Interview

Collaboration key to making indies stronger, says Kwalee's Joe Barron

Hard to get your voice heard

Collaboration key to making indies stronger, says Kwalee's Joe Barron
Kwalee may not have served up their own game at this month's Best of British 48 hour game hack, but the studio's contribution wasn't without major merit.

Indeed, Kwalee's input involved hosting a Micro Machines tournament, owing to the fact studio gameplay guru Andrew Graham – who took part and, ultimately, came out on top – created the game more than 20 years ago.

We caught up with Kwalee community evangelist Joe Barron for his take on how the competition went, and what Best of British can do for indies in the mobile industry.

Pocket Gamer: How did Kwalee get involved in the hack?

Joe Barron: Will Luton and I were chatting about Micro Machines because his company, Mobile Pie, play the game all the time on their lunch breaks and Andrew Graham, who designed the game, works at Kwalee.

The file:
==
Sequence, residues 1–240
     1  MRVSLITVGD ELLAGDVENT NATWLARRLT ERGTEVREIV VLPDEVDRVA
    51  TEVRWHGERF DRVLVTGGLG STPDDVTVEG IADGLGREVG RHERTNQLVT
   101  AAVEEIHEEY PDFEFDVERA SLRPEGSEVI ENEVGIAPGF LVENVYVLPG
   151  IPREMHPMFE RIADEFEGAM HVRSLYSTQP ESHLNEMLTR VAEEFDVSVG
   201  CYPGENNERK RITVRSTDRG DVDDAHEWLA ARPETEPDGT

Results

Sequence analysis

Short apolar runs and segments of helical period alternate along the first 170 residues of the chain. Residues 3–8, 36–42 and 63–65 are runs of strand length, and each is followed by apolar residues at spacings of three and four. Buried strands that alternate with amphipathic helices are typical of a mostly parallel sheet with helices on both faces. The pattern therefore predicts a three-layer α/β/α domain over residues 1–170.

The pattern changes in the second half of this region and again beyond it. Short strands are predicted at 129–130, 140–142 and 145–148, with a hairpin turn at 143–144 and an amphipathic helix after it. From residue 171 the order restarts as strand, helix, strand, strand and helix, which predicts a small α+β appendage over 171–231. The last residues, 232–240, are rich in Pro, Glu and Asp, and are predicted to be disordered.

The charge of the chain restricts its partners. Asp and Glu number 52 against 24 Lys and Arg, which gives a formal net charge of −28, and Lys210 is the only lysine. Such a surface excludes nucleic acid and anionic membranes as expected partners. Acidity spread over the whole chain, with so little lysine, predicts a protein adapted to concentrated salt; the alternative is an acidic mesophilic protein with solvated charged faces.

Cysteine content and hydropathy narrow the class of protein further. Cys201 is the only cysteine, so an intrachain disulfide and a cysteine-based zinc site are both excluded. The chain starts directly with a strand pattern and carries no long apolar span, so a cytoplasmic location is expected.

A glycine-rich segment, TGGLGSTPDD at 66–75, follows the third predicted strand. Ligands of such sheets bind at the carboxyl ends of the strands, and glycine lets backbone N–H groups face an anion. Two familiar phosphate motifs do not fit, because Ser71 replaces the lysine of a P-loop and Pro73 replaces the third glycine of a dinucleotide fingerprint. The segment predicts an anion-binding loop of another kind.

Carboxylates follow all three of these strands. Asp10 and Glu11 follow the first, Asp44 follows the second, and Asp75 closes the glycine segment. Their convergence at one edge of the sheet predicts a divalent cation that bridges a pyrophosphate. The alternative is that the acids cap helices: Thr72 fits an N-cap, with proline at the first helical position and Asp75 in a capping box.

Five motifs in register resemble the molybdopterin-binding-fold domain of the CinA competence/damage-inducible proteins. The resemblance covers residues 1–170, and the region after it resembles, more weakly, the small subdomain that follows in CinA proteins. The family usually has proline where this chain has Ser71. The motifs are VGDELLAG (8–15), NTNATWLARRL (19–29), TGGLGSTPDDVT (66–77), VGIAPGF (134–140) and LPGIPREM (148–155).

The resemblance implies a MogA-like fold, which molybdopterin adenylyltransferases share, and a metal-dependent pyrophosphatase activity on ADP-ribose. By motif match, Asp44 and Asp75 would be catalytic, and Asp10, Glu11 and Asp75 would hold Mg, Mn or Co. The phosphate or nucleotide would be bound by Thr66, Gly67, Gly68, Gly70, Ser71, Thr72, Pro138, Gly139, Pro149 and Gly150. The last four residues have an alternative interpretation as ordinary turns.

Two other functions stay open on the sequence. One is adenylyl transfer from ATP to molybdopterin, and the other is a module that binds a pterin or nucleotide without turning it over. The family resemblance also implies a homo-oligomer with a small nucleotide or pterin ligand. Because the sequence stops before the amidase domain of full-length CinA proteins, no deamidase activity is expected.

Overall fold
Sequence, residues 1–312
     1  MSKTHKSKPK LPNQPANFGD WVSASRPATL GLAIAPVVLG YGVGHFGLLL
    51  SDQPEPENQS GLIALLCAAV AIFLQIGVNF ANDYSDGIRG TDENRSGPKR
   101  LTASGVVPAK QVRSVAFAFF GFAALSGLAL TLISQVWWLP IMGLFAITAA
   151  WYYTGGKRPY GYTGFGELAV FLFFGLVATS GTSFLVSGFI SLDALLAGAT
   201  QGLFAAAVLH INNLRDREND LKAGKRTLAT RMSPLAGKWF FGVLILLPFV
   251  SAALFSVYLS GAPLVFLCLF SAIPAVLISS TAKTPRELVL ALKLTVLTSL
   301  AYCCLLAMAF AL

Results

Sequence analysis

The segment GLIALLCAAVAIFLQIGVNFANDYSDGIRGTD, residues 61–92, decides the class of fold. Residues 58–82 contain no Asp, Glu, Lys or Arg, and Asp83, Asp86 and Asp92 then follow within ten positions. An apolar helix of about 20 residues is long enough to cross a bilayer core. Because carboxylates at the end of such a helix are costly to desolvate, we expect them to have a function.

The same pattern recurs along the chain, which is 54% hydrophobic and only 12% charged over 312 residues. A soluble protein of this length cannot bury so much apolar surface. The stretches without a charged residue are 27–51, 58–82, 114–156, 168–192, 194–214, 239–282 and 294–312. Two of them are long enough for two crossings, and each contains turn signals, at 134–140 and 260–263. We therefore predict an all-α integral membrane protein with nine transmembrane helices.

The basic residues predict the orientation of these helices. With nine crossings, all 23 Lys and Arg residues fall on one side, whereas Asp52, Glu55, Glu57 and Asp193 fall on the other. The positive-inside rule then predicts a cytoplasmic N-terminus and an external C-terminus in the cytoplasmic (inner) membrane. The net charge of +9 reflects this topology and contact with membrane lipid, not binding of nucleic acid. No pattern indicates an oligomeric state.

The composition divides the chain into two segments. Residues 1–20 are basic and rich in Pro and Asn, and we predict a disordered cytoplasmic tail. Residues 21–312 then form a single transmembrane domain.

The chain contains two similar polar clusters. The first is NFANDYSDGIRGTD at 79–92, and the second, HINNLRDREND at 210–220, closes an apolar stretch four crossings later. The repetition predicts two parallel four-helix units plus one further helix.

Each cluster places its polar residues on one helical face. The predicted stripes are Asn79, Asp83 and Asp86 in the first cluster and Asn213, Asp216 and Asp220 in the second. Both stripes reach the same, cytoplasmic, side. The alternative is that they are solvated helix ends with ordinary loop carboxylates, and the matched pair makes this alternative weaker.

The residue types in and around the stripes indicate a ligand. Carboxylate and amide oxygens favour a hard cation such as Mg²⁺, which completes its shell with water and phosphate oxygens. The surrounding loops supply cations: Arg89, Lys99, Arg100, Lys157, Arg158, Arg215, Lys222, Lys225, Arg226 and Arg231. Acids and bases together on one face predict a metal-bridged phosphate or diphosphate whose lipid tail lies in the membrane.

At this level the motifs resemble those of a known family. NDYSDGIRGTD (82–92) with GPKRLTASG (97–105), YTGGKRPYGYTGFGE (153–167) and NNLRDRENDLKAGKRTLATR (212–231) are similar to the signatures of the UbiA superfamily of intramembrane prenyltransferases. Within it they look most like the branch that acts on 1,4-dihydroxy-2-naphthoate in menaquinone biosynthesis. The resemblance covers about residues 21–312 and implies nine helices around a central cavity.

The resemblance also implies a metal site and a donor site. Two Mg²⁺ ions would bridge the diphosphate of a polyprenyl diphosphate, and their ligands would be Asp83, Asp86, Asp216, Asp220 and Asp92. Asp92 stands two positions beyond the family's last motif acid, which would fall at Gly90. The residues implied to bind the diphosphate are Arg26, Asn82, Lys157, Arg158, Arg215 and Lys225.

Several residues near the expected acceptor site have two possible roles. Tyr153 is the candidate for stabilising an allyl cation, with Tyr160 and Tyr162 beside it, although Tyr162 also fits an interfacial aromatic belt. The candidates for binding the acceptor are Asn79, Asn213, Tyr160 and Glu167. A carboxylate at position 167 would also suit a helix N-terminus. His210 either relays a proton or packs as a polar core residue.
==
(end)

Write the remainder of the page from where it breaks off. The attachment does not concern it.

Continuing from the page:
Eventually this turned into a Micro Machines challenge being thrown down between our companies, with the Best of British Game Hack being the venue.

How did the afternoon go for you?

Everything ran very smoothly, right down to Andrew Graham winning the Micro Machines tournament!

It was great to meet up with lots of new faces and learn about sort of game that its possible to create in just two days.

Everyone taking part in the hack was doing phenomenal work.


The competition gets going...

Many see Best of British as a sort of anti-trade association, standing up for indies without charging fees. Do you think that's a role BoB can fill?

Absolutely.

For all indie game companies, especially those who are making mobile games, visibility is a massive problem. Its really difficult to get your voice heard on the App Store or in the media.

Collaborating together makes us much stronger and helps to get the 'indie spirit' noticed by a much larger audience.


Thanks to Joe for his time.

With a fine eye for detail, Keith Andrew is fuelled by strong coffee, Kylie Minogue and the shapely curve of a san serif font.

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